Ecofascism is slowly becoming the only way that some environmentalists believe change can occur. Asking people to do things goes over a little easier than telling them to. However, if it means the difference between $1million or $3million in profits, which would you choose? Requiring companies and people to conduct themselves in a manner that preserves what little environment we have may be a lot to ask, but it is necessary according to some. As the desolation of the environment gains exposure, and the environment based lobbyists gain funding, the issue is of more concern and ecofascism is more widely accepted as the way to deal with it.
As with all movements that seek to protect a certain group or piece of life, it often goes astray and finds itself advocating what does not protect the rest of people. Ecofascism is a natural outgrowth of environmental protection, as the anger at those who disagree is greater than the compassion for the earth.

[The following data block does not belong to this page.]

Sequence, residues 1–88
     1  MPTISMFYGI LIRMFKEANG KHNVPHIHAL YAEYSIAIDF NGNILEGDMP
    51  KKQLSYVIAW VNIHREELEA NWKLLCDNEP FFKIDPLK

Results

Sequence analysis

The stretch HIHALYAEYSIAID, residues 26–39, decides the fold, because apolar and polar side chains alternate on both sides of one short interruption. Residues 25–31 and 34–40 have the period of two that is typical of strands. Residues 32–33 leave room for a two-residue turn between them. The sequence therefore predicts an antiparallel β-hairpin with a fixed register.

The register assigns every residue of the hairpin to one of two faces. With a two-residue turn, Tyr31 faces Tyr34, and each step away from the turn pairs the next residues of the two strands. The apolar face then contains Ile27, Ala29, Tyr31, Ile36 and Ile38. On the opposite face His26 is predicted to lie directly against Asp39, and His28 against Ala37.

'Green' and actual environmentalism are two very different things, and the very hardcore, no compromises environmentalism of the 'green' movement (including extensive propaganda to children) is detrimental to society and the economy. People should never take any position without any compromise necessary, and there are so many key environmental issues that no compromise is counter productive.
Yes, ecofascism is a growing trend among political activists, because it is stronger than it ever was before. You only need to look at the EPA and the number of laws and regulations that it has to known that the government wants to micromanage the environment and the businesses that interact with it.
I do not believe ecofascism is a growing trend among political activists. The term, newly coined, barely has a clear meaning and generally has no real world examples to pull in for further clarification. Most likely the term is being circulated on the Internet and news circuits for show or to get a feel if it will translate into real world politics.